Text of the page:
Now, they’ve introduced Report Builder.
JotForm Report Builder is a sophisticated but simple way to turn data into information. Responses gathered via form are quickly turned into a visually appealing report or presentation that students or colleagues will want to read. Here’s how it works:
This school year, you have probably heard about dozens of new apps–all educational, rigorous, and highly-recommended–and you can’t wait to try them in your classes. The problem is there are too many so how do you pick? Here are three general guidelines:
- The app must improve outcomes. Award-winning educator, presenter, and teacher-author Alice Keeler says, “Paperless is not a pedagogy”. What she means is: Go paperless not to save trees but to improve the education experience. How does this apply to the selection of apps? Apps used in your lessons should improve learning rather than just being a cool app kids might like.
- The tech must be there. You and your students must have the techiness to use the app. This is critical for app selection. You may love what the app can do (like gamify math or quizzify science) but the technology required is more than you can handle or might require hours of time just to learn. That’s not a good app for your circumstances. Choose one within your skillset and if students are using it, within theirs.
- It must fill the M and R of SAMR. The SAMR Model (click link for more information) organizes technology as Substitution and Augmentation at a beginning level and Modification and Redefinition at the critical thinking and creativity level. For over a decade, teachers have considered it “good enough” to meet those first levels — like rote drills to replace worksheets. Now, apps you use should require critical thinking — the M and R levels–as well as leverage learning more rigorously for both you and students.
This is my long way of explaining why I’m so excited about Quillionz. It improves close reading, assesses understanding, is intuitive to roll out and use, and does much more than replace something you already have.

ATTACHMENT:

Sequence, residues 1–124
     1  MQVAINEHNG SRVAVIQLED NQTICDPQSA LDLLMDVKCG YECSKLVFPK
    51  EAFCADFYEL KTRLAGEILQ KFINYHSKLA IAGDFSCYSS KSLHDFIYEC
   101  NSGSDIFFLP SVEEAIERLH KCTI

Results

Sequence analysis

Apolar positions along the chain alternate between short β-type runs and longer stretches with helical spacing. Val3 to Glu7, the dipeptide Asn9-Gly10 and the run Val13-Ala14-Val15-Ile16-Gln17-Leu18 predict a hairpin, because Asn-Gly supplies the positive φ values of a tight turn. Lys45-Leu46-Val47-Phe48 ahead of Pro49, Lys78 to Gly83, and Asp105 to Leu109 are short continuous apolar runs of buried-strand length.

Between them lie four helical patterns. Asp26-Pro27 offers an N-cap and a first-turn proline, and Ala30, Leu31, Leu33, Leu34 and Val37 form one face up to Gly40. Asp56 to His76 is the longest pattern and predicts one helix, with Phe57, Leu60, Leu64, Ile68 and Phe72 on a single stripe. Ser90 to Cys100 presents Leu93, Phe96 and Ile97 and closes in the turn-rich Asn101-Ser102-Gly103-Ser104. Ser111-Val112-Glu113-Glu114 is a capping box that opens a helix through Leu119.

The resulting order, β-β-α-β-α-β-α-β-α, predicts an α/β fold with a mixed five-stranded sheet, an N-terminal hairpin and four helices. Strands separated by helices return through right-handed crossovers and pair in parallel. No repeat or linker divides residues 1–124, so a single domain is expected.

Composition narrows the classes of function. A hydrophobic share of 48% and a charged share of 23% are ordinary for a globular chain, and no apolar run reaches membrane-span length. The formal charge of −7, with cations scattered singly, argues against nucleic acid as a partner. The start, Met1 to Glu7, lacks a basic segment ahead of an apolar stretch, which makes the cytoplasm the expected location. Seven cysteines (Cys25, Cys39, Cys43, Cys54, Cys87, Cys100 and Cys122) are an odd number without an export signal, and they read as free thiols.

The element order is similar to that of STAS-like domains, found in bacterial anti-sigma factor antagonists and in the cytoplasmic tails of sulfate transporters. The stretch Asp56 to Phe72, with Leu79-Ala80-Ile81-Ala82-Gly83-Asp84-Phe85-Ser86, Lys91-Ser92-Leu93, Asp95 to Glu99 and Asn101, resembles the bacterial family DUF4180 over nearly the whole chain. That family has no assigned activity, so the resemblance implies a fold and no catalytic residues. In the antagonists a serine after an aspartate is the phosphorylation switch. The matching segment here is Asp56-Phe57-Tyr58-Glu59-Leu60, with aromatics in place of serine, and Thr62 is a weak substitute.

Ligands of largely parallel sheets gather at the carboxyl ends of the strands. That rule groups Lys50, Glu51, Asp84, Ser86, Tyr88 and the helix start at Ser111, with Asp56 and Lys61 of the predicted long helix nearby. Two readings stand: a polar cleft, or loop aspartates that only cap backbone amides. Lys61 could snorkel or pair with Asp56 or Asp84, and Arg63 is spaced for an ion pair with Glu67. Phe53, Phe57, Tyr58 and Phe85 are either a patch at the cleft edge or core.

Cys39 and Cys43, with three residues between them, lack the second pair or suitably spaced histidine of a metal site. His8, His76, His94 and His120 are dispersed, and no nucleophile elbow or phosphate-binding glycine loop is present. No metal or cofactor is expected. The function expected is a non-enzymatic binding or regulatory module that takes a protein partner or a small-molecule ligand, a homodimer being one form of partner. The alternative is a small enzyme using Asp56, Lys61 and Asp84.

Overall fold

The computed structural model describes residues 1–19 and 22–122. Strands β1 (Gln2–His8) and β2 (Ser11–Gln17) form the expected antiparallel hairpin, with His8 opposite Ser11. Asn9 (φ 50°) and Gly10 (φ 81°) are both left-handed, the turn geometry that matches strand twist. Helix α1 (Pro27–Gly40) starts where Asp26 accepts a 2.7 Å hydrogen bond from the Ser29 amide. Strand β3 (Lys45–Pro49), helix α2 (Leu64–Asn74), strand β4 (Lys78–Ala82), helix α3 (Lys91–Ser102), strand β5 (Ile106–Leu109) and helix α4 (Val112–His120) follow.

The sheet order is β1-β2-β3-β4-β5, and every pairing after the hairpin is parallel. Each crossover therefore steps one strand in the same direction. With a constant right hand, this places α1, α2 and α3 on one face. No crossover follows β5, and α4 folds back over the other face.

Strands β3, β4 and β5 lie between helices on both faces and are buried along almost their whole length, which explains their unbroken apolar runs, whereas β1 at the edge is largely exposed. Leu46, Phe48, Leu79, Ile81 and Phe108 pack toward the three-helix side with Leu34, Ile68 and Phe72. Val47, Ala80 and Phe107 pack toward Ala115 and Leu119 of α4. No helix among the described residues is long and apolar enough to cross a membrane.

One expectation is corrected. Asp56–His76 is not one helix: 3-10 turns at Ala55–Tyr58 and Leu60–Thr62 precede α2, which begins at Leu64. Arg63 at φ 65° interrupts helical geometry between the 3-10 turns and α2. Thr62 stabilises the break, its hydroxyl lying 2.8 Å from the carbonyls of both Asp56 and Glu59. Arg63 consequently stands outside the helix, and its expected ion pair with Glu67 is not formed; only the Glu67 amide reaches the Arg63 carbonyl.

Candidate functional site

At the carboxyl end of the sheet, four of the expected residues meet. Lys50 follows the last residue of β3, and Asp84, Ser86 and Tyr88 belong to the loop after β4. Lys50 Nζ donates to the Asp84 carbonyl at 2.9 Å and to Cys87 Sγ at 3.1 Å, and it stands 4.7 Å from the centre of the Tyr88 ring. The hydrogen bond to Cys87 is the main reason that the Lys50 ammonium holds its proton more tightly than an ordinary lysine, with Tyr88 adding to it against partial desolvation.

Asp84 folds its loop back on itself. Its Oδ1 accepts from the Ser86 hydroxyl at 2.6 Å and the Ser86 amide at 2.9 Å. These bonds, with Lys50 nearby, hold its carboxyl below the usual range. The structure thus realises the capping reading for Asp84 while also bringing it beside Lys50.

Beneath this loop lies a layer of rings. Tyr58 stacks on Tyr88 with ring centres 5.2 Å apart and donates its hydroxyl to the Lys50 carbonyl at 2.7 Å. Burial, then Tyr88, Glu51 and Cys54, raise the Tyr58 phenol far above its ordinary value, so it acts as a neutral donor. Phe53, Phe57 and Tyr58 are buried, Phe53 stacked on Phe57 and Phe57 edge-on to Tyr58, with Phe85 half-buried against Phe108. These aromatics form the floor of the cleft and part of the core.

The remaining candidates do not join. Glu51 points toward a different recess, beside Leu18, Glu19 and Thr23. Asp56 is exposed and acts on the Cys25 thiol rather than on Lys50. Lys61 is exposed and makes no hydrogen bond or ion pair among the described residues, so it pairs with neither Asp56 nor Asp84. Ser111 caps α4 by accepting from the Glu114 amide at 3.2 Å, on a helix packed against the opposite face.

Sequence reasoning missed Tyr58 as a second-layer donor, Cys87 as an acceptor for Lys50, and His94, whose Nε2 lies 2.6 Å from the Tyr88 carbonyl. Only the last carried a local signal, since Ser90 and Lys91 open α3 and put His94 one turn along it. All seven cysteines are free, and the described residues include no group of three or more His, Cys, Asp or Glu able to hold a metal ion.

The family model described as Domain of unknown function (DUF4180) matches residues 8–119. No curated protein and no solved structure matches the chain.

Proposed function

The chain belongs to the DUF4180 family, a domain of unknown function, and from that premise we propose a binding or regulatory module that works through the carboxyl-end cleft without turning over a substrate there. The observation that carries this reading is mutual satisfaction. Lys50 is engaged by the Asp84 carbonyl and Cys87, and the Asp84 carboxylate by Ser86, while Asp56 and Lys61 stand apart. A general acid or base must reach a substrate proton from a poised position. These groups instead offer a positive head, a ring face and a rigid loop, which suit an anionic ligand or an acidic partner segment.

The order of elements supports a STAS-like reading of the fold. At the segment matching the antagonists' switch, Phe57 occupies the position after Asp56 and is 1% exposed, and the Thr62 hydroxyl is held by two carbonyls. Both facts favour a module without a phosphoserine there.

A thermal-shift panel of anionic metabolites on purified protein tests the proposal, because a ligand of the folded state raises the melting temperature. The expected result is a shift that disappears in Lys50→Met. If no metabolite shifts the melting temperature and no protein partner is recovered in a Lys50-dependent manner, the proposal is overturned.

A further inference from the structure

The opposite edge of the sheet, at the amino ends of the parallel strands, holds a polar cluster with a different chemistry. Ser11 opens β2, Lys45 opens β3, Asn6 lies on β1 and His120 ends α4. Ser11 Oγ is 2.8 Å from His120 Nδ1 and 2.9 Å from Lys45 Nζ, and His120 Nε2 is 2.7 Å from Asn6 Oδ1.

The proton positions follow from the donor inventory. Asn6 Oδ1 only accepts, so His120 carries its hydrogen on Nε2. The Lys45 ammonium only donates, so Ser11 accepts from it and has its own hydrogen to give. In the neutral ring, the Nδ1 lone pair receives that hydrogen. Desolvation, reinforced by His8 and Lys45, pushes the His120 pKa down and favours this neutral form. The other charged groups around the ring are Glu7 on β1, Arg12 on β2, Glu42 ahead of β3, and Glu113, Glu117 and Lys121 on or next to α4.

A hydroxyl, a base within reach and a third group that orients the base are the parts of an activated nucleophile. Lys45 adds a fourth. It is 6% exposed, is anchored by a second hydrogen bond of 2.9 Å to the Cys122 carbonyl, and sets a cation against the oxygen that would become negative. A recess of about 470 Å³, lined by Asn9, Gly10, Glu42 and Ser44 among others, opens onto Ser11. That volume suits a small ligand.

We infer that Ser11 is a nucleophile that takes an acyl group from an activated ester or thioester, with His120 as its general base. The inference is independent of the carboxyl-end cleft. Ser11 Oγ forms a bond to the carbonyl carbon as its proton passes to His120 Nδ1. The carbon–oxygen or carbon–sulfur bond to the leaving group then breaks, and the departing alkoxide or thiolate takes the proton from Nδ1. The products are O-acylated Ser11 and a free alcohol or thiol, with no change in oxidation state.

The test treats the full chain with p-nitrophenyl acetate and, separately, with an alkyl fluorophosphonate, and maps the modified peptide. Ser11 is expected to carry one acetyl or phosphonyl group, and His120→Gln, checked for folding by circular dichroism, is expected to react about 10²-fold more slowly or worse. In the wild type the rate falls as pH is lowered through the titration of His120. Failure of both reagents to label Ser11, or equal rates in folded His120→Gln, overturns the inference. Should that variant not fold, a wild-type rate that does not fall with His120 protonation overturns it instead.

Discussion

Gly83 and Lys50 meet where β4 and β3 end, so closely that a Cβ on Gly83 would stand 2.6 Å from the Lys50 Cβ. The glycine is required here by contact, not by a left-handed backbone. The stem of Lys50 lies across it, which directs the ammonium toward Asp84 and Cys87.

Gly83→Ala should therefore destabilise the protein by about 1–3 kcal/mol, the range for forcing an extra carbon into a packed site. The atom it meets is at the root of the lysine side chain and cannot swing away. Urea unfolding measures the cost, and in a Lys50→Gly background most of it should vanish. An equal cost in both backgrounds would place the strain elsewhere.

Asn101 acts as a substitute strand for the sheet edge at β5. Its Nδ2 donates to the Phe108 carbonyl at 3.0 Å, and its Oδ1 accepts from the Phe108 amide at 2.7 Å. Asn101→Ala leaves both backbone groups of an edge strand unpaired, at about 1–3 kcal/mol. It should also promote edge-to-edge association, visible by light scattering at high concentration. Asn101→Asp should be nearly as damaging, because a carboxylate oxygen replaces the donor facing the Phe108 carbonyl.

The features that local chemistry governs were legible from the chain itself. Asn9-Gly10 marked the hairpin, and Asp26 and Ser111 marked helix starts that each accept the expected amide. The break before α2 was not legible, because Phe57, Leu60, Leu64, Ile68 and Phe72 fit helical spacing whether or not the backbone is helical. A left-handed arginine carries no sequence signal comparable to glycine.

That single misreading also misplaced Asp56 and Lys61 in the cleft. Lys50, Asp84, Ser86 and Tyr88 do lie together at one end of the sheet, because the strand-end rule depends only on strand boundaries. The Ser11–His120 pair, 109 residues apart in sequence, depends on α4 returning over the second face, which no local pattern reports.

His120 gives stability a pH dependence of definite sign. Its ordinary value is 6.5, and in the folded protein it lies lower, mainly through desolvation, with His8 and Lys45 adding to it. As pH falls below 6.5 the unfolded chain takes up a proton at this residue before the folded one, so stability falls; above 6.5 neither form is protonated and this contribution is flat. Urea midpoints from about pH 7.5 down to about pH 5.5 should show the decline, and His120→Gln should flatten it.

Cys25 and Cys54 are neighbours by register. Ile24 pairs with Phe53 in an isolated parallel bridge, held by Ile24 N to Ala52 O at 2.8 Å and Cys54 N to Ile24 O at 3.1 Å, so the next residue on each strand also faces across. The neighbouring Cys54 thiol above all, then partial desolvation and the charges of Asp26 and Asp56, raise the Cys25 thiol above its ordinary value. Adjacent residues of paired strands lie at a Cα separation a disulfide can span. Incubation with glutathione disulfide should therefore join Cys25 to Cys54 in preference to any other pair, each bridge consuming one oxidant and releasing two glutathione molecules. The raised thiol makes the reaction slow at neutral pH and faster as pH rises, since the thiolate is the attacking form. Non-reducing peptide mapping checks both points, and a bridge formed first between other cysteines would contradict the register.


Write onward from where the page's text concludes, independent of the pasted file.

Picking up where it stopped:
What is Quillionz
Quillionz is an online application that automatically and quickly generates reading comprehension questions from any passage of text that you provide. It does this by leveraging the power of artificial intelligence and machine learning algorithms–the first to do this–to simplify and target the process of question creation. Questions include multiple choice, short answer, fill-in-the-blank, and True-False, all sortable, selectable, and editable so they fit exactly your class needs. This tool will transform the way you teach by giving you more time with students and saving time required for rote processes like quiz creation
While the free Quillionz Basic gives you all of this, the fee-based Quillionz Pro adds these features:
Augmented Reality takes students into bold new worlds where they become part of the learning, not passive viewers. They follow their passion by exploring with their senses. Ask a Tech Teacher sponsor, PleIQ is launching its Kickstarter campaign, offering a revolutionary tool that blends the physical and digital world into one that is irresistible for kids. Curious? Here’s an overview:
PleIQ (Play-Q) is the best new educational toy that beautifully merges the physical and digital worlds to provide our children with an immersive learning experience. PleIQ is the perfect complement to high-quality classroom instruction—a hands-on, 21st Century, augmented reality toy that appeals to all learning styles.